Strength of Evidence
Human Factors Engineering (HFE), Office of Health Informatics, Veterans Health Administration
Debra is constantly on the move either working or embracing her healthy lifestyle. She relies on technology to allow her to extend her reach. When IT fails it can prove very disruptive.
George E. Wahlen VAMC
Advanced tech skills
In the diagram above, individuals that are darker, larger and closer to Debra are more important to her than individuals that are smaller, lighter and farther away.
“I need to provide my patients with what they need as expeditiously as possible, therefore proper documentation from referring physicians and the patients is of utmost importance.”
- Gastroenterologist, 9 years
- Teleworker (on occasion)
- Sees 11-15 patients/day in-person, both in- and outpatients; contacts more using phone
- Gets requests for consults from other clinicians
My Devices & Technology Skills
- Dell Laptop(Work Laptop)
- Dell Precision Workstation (shared desktop in exam rooms)
- ASUS Laptop (laptop at home)
- Kindle Fire (for lower concentration tasks and reading)
- iPod Touch (mini-tablet for her kids’ supervised use)
- Samsung Galaxy Note (Smart phone)
- Fitbit Charge (Fitness tracker)
Barriers & Enablers to Patient-Centered Care (PCC)
- Don’t have the time
- Don’t have the technology to support it
- Is not able to participate in a PACT for her patients; support from peers enables interaction with other teams
- Patient: Heavy phone and in person, no secure messaging,
- Coworkers: Phone, CPRS notes (cosigners)
My Pain Points & Motivators
- Too many alerts
- Takes too long
- Too many clicks or steps to get to features/information needed
- Support my clinical decision-making
- Improves my team collaboration.
Debra is a gastroenterologist at the George E. Wahlan VMAC in Salt Lake City, Utah. She joined the VA about nine years ago and plans to remain there for the foreseeable future. She adopts technology quickly and easily figures things out on her own. Her specialized skill set means that her engagement with patients is limited to treatments of gastrointestinal ailments and she often feels that she doesn’t have as much context about specific patients as she would like. Her patients are primarily referrals from other doctors. For this reason, she likes having access to patient generated data (PGD) when diagnosing and treating them. While she would value a more intimate knowledge of her patients, she feels that her time is better spent perfecting her diagnostic and surgical skills.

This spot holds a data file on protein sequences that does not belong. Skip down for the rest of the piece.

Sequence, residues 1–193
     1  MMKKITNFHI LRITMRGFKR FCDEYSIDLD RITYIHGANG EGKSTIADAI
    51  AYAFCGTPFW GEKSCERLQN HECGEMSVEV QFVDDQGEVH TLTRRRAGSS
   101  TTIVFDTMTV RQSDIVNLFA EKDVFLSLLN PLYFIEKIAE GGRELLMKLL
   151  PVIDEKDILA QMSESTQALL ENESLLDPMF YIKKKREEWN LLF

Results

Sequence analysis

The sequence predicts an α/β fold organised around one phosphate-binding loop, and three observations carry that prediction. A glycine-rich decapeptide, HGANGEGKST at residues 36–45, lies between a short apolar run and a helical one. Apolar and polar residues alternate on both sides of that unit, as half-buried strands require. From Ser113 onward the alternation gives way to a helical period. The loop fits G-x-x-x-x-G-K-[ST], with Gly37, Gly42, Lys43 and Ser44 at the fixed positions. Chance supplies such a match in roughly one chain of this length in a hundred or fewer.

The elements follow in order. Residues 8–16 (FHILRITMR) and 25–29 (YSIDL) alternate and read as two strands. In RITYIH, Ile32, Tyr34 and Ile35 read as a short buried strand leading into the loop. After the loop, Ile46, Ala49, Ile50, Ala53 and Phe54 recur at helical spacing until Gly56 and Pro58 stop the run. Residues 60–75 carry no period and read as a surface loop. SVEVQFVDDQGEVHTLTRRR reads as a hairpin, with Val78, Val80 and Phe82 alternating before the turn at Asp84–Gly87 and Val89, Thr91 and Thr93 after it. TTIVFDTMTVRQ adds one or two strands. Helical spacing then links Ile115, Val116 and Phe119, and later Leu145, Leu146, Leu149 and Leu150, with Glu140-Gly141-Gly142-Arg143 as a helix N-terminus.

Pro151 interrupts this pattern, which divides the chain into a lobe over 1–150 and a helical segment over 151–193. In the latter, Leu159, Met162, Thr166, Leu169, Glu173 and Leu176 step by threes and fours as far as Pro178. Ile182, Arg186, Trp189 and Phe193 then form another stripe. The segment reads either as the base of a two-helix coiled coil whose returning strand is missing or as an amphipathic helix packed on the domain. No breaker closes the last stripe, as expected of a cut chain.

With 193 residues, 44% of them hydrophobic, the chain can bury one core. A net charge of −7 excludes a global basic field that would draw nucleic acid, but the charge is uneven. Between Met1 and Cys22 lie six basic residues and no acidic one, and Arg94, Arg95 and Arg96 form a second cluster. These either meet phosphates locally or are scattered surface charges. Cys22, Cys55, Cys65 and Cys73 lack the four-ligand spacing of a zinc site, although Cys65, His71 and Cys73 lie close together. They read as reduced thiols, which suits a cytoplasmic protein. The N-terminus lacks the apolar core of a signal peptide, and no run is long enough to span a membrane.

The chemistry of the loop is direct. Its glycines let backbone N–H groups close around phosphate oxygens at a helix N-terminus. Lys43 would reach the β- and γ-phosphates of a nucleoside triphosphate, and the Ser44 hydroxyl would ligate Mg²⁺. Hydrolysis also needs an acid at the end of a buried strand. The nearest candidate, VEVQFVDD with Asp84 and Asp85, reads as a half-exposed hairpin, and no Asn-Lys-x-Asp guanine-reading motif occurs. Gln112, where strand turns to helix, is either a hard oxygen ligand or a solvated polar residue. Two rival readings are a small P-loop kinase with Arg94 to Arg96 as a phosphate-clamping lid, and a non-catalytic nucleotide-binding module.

As a gastroenterologist, she understands the importance of staying healthy and puts a high emphasis on exercise and healthy eating, both for herself personally and for her patients. She uses a FitBit and smartphone apps to track her fitness. As an early adopter of technology, she gets frustrated with the VA’s slow and inefficient technology tools. She hopes that bureaucratic issues won’t get in the way of delivering solutions to her clinical decision making and collaboration needs.
Debra’s Components of Health and Proactive Well-being
This describes Debra’s relative health and well-being attitudes.